Why would Stanwell reject the offer of saving money? Maybe the LNP is gearing up to sell the operation as a whole? Maybe Stanwell doesn’t want the stigma attached to the Cougar failure or just don’t want or need to be reliant on an external source of coal? Maybe they see the writing on the wall for coal as an outdated fossil fuel?

    With the mass health problems facing people at Jondaryan due to the proximity of coal, what do the residents of Kingaroy think will happen to air quality with an open cut coal mine just a few klms from their home? The thought of health impacts to their children alone should be enough. There will be blasting, 24hr operations of heavy machinery removing layers of dirt and continuing with the extraction of coal. There needs to be long term independent air quality testing done in Kingaroy now. A base line of data to compare what impact and changes happen if any development occurs must be done.

    The entire water table in that area will be devastated. The incursion from the UCG debacle will dwindle in comparison to the impact any open cut mine will have. The local farms will not be able to work alongside this mining industry. This has been proven many times over in each and every area where the promise of compatibility and companion working has been made, but can never be delivered.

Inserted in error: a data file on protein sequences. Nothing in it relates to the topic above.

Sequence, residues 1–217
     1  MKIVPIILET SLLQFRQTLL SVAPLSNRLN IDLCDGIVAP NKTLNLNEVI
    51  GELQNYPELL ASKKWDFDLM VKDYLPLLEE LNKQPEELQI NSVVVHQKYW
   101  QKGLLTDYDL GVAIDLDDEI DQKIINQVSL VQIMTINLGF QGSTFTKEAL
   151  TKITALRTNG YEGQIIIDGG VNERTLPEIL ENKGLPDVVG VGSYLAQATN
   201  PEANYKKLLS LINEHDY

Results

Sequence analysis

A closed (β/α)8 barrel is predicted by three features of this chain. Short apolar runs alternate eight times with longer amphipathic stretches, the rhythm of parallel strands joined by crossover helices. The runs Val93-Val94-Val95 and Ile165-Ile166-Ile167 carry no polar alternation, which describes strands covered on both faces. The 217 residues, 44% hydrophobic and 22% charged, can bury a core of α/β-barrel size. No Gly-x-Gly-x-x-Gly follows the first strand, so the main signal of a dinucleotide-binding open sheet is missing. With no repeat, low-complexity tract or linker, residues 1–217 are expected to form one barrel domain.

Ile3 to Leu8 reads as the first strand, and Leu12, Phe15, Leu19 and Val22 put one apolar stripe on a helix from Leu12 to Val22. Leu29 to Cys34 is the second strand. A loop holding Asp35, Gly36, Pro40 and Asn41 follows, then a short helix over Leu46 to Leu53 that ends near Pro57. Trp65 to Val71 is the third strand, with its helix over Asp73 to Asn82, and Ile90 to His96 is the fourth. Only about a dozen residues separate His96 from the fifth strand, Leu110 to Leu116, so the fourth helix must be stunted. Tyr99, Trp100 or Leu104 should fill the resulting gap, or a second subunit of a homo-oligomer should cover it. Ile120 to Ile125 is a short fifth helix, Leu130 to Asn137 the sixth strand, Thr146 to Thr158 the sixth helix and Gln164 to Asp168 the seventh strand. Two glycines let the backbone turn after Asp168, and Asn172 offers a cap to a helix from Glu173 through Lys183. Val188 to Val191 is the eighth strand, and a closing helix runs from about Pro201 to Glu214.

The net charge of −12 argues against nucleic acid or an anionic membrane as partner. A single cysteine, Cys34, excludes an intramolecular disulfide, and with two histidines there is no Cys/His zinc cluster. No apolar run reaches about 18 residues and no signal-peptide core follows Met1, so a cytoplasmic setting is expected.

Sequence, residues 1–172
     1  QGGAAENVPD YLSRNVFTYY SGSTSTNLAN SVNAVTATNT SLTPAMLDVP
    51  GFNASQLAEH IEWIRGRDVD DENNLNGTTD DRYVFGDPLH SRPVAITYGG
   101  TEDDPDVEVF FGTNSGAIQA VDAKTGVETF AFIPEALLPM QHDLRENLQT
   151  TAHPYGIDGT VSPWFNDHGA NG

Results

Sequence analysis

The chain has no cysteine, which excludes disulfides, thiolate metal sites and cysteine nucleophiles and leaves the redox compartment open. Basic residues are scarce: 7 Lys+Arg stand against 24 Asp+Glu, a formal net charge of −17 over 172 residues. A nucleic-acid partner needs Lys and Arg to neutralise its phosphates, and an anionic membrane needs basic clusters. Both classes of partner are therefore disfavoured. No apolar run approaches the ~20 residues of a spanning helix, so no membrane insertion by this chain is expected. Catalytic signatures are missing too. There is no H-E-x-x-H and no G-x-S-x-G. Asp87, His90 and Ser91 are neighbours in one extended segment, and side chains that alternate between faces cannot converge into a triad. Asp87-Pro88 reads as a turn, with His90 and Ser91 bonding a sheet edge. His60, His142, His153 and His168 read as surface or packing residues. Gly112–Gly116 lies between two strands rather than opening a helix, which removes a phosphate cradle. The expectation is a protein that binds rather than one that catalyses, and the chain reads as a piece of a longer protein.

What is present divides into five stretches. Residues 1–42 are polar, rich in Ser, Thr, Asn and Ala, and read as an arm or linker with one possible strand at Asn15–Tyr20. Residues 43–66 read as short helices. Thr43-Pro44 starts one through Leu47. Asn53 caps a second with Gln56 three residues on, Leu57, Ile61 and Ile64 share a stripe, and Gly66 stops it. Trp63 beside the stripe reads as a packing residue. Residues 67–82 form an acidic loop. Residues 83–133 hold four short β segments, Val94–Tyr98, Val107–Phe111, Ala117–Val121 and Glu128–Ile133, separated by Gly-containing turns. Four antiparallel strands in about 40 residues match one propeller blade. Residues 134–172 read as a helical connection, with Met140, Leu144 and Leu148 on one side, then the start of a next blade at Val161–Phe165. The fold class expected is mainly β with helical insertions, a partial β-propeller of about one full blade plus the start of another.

Of course I personally believe that the fossil fuel industry is heading for obscurity and any investment of funding will be a waste and people will lose their money – especially given the operational history of Cougar (now called Moreton Resources).

    On a relevant note, everyone must be reminded that the LNP is currently trying to remove the ability for people to object to this type of development. If these changes are passed, you won’t be able to have a say about any of your concerns.

  3. This project is within ten klms of Kingaroy and surrounding districts. To date it does not appear that residents have been either notified of this decision, nor has an enviromental paper been published. Ten klm does not seem a safe enough distance for noise and dust drift, but is this a trade off by authorities? Smells like it.

Leave a Reply

Your email address will not be published.